I have been incredibly lucky on my travels to KwaZulu Natal, South Africa. There have been so many wildlife encounters with big game like elephant, buffalo and rhino. Then there have been magical moments with the smaller things, like the afternoon I stood and watched over seventy hatchling turtles emerge from their nest and make a dash to the Indian Ocean. Whilst on a self-drive safari back in 2006 I spotted my first ever African wild dog. Being totally honest, I was not one hundred percent sure what I was looking at. I reported the sighting to the game reserve management and instantly developed a fascination into this remarkable, yet critically endangered species. This interest led me to spending time on wild dog monitoring projects, with Wildlife ACT, where I learnt a huge amount about these dogs and their complex lives.

Wildlife ACT

I am always looking to learn more on my travels and when I read that Wildlife ACT were offering places on their leopard population surveys, I instantly emailed them. On three separate occasions I have had the privilege of spotting leopards. Each sighting seemed to be over in the blink of an eye and I have not even got a photograph, however all three precious moments are stored in my head. I would have been happy to visit any reserve and link up with their team, but what a bonus it was for me to find that I could join them on the Eastern Shores section of the iSimangaliso Wetland Park. The park was made a UNESCO world heritage site in 1999, the first in South Africa, in recognition of its superlative natural beauty and unique global values. I had not been to this area of the park for nearly a decade. I had also had one of my three leopards sighting here.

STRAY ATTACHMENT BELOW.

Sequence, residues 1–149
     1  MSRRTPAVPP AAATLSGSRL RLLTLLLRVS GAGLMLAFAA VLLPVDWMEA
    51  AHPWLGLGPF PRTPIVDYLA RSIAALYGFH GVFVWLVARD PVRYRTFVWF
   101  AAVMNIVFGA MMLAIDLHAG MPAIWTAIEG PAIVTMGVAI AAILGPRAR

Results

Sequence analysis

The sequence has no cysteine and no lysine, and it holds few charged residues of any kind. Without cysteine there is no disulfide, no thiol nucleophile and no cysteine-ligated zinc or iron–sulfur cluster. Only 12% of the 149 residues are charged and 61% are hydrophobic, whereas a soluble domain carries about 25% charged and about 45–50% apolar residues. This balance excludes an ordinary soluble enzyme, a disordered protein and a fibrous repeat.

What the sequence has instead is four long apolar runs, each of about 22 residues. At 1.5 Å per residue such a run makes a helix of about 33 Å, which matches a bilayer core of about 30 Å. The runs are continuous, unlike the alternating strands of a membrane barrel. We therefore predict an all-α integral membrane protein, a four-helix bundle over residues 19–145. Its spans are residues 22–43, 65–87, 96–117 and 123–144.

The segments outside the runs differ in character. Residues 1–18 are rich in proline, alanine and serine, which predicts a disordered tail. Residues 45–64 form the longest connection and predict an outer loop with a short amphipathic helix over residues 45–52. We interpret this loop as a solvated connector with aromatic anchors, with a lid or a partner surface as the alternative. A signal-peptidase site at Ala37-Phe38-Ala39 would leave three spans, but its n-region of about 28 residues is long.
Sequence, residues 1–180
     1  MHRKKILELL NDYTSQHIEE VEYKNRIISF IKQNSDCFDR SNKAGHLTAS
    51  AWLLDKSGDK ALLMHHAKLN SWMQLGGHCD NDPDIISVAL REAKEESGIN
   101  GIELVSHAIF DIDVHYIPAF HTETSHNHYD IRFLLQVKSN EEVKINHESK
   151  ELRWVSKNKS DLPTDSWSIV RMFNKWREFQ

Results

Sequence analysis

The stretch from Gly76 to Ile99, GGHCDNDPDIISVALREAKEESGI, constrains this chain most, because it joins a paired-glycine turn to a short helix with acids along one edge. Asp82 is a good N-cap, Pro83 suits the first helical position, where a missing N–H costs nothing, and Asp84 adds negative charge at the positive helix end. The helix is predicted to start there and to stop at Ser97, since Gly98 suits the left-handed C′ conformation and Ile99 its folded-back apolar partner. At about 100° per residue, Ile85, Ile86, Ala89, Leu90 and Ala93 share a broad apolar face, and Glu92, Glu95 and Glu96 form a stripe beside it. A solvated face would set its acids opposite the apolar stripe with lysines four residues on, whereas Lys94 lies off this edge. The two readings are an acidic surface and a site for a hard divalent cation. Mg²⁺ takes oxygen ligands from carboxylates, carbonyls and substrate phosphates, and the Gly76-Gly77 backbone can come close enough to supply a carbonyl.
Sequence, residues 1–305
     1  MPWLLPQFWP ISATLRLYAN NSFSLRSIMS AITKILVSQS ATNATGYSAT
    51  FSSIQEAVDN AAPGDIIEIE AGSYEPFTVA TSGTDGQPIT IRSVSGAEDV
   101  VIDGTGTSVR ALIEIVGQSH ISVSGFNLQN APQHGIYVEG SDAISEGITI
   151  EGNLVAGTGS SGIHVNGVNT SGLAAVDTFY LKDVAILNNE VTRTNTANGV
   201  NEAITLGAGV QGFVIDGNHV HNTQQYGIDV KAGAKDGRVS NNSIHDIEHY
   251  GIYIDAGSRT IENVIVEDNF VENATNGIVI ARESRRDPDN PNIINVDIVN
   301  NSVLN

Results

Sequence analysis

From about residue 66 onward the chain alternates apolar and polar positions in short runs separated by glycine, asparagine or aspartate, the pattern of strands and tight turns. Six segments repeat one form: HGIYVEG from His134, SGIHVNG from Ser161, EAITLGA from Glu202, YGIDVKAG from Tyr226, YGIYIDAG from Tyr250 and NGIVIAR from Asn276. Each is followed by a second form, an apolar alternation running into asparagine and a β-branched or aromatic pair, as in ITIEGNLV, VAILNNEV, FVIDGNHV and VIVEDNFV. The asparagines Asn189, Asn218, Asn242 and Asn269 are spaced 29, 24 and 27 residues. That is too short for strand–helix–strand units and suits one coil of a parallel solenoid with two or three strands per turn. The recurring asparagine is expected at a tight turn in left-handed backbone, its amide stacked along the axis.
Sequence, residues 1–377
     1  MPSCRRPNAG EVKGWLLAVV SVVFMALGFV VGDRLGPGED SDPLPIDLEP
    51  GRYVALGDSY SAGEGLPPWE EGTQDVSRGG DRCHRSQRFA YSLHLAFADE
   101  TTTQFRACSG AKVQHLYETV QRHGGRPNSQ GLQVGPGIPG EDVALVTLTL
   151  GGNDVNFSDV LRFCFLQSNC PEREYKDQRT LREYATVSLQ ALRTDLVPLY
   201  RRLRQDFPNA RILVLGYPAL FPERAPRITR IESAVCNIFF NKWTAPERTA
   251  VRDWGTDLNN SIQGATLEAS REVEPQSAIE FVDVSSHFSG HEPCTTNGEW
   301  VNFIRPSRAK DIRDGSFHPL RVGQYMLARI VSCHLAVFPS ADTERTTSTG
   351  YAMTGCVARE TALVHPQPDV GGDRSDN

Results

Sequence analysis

Being nearly an hour late to our pre-arranged meeting point warrants yet another apology to the Wildlife ACT team. I always tell people to allow an extra hour when driving around KwaZulu Natal. I should listen more to my own advice! Lauren and Eduard, the team leaders, were there patiently awaiting my arrival and accepted all my apologies with smiles and warm welcomes. Volunteers, Dalia from Italy and Kamila from Poland were equally as forgiving. From the main gate we drove down the tar road, and just before reaching Cape Vidal we turned right up a sand track leading to our base. Cape Vidal is a stunning area, very popular with tourists & locals, where the wetlands meet the Indian Ocean. Here there are miles of beach, lined with vegetated sand dunes. I was welcomed again into the Wildlife ACT home by all. The house is a cosy, rustic, thatched lodge. Team leaders have the two bedrooms upstairs and volunteers share the ground floor space. Also, on the ground floor there is a bathroom and kitchen, plus outside in the fenced garden there is a braai (barbecue) for alfresco cooking.

The leopard population survey is different from the endangered species monitoring projects I had previously been on. There are no collared leopards and no telemetry tracking, as there are for wild dogs. The survey covers five reserves and spans a total of ten months from February to November. Although the leopard surveys differ very slightly from reserve to reserve the principle is the same. Wildlife ACT are contracted to Panthera and all information gathered in the field is sent direct to them, plus the iSimangaliso Wetland park management team. Panthera is the only organization in the world devoted exclusively to the conservation of the world’s wild cats. Within the Eastern Shores the team has laid out five loops of cameras, totalling forty one cameras. Each camera and location carry a unique reference number. My time with them meant I got a first-hand look at their operation and day to day tasks. Every two days camera traps are checked, and their photographs downloaded. The traps are then checked, cleaned, new batteries installed, and placed back in their original position. To ensure traps are back in full working order, there is a lights, camera, action, moment where volunteers get the trap to snap a photograph of a clipboard containing date and time information.